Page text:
The U.S. Fish and Wildlife Service announced today a final decision to list the bog buck moth, a large black-and-white moth found in central New York and Ontario, Canada, as endangered under the Endangered Species Act. A review of the best available science indicates the species is at risk of extinction throughout its narrow range. The bog buck moth is also protected in Canada and by the State of New York.
Down from five known historical populations, the three existing populations of bog buck moth — one in the U.S. and two in Canada — face growing threats from habitat loss,, and increased flooding associated with . The populations in the U.S. and Canada are isolated from each other and are more vulnerable to threats during natural population fluctuations, or “boom-and-bust" cycles. In years when conditions are favorable, bog buck moth populations can grow, or “boom,” but during years when conditions are unfavorable, the populations can crash, or “bust,” in response to disease, predation, or parasites. Federal protection will raise awareness about the threats this species faces and strengthen existing partnerships to support its recovery.
Habitat loss or alteration resulting from land-use change has made it harder for the species to recover from these periodic steep declines in part because they cannot disperse to sites where conditions are better. To persist into the future, populations of bog buck moth need to be large enough, and have access to enough suitable habitat, to withstand natural fluctuations. Maintaining healthy populations at different climate gradients is also important to ensure this species retains the ability to adapt to changing conditions.
With black-and-gray wings that span nearly 2.5 inches — the length of your index finger — bog buck moths are large and bold. They have fuzzy black bodies and translucent black-and-gray wings with wide, white bands and eyespots: circular markings meant to mimic eyes to scare away predators. Males have feathery antennae, which have receptors to detect the pheromones of females, and red tipped abdomens.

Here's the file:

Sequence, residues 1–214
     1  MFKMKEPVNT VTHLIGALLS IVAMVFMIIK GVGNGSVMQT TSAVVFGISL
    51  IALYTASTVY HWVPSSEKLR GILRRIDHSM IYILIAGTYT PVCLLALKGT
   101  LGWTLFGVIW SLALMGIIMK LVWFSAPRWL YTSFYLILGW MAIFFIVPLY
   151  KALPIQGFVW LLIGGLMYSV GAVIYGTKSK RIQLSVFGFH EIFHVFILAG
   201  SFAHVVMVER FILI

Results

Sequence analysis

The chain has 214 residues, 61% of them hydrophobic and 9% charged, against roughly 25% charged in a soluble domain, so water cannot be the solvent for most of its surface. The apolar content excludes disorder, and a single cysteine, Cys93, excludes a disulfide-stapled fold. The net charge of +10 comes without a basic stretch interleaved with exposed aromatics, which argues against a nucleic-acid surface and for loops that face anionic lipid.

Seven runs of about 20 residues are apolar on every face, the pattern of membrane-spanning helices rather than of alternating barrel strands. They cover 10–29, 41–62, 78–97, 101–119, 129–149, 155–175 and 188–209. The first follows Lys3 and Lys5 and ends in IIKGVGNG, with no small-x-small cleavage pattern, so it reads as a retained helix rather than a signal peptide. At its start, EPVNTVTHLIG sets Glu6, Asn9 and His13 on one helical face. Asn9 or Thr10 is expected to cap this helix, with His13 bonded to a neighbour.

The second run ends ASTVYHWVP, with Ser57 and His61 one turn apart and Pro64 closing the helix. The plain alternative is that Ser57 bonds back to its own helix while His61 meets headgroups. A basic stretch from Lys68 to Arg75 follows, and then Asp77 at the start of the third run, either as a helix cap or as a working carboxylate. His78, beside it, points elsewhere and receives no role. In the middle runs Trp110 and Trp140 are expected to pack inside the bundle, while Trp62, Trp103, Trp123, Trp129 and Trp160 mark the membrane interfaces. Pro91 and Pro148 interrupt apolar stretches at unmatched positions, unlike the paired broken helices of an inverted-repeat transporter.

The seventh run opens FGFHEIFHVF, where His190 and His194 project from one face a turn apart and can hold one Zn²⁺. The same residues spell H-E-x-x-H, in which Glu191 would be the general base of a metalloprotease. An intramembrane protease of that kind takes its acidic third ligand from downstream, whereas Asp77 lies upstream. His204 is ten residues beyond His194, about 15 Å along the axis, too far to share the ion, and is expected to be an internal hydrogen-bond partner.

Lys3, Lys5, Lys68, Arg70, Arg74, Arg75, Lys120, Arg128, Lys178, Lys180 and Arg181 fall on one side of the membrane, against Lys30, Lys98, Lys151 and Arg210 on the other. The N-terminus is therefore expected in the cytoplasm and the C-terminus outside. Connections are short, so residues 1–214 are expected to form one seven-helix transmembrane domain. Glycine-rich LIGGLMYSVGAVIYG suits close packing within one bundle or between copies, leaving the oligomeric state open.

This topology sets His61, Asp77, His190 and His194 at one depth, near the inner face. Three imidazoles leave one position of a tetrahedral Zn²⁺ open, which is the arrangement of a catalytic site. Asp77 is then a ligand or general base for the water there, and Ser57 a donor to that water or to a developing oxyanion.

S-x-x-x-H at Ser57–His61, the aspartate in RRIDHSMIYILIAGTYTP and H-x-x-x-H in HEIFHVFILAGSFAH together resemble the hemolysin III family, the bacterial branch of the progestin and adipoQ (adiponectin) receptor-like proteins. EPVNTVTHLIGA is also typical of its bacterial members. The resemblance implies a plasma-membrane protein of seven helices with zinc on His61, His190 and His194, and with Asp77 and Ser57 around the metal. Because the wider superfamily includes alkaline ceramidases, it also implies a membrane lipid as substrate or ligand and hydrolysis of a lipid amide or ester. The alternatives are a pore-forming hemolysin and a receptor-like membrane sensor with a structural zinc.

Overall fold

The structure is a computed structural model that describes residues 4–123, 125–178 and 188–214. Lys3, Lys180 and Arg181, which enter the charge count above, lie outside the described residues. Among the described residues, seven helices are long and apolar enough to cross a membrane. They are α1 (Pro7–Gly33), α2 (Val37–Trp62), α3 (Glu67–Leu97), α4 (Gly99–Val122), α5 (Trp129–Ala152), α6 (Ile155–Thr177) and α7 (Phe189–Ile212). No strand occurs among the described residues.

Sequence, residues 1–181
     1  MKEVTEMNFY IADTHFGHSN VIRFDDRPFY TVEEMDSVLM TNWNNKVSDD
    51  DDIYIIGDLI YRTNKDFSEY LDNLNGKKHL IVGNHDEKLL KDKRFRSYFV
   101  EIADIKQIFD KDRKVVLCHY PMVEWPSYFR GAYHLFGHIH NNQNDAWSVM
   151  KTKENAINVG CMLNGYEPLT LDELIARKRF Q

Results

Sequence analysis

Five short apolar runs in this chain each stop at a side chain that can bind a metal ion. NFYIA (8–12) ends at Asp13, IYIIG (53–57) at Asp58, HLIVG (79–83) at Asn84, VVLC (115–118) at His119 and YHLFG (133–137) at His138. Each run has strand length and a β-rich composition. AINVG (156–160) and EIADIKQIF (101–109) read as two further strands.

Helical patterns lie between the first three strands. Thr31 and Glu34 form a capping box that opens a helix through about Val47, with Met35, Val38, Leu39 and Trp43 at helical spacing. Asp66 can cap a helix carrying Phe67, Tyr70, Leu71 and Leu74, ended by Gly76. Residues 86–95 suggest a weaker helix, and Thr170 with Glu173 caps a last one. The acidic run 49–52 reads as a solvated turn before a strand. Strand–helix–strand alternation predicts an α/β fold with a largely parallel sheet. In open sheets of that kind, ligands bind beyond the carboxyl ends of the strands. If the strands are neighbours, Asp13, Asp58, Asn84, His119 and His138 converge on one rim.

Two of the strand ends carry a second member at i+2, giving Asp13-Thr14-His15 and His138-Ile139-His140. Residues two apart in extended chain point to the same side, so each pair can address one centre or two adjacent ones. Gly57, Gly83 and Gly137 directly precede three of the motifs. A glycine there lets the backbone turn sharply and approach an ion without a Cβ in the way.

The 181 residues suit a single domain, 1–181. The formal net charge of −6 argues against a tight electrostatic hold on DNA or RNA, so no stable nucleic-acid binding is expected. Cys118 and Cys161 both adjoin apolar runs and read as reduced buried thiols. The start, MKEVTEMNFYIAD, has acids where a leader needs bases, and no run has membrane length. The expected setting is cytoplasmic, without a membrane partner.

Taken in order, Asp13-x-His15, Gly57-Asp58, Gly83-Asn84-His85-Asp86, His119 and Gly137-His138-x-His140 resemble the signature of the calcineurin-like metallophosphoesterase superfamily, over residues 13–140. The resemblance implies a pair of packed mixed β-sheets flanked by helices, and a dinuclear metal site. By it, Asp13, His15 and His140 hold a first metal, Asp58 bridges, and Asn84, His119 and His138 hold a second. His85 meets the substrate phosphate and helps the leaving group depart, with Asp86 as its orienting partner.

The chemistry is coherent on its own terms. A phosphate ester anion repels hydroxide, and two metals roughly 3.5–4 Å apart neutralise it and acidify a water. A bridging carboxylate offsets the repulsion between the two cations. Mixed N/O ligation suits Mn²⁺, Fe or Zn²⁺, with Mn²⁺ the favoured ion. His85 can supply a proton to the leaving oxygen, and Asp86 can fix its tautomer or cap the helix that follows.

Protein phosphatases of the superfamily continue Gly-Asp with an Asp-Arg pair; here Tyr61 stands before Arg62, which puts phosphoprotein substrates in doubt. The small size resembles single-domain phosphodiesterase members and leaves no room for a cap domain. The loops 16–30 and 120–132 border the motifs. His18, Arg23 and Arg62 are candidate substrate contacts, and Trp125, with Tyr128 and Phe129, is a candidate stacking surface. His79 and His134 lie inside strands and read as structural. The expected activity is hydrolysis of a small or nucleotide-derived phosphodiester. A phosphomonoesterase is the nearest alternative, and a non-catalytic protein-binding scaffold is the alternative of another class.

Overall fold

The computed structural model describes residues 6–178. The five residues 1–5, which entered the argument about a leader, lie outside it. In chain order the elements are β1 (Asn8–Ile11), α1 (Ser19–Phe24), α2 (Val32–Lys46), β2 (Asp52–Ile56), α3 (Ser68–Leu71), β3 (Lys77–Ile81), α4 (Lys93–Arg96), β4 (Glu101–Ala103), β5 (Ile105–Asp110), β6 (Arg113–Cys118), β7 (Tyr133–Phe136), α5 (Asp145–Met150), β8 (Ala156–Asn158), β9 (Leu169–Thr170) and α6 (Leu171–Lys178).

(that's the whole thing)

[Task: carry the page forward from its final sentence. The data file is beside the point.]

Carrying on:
The final rule and supporting information are available online in the Federal Register reading room.
Today’s announcement comes as the ESA turns 50 years old in 2023. Throughout the year, the Department of the Interior will celebrate the ESA's importance in preventing imperiled species' extinction, promoting the recovery of wildlife and conserving the habitats upon which they depend.
The ESA has been highly effective and credited with saving 99% of listed species from extinction. Thus far, more than 100 species of plants and animals have been delisted based on recovery or reclassified from endangered to threatened based on improved conservation status, and hundreds more species are stable or improving thanks to the collaborative actions of Tribes, federal agencies, state and local governments, conservation organizations and private citizens.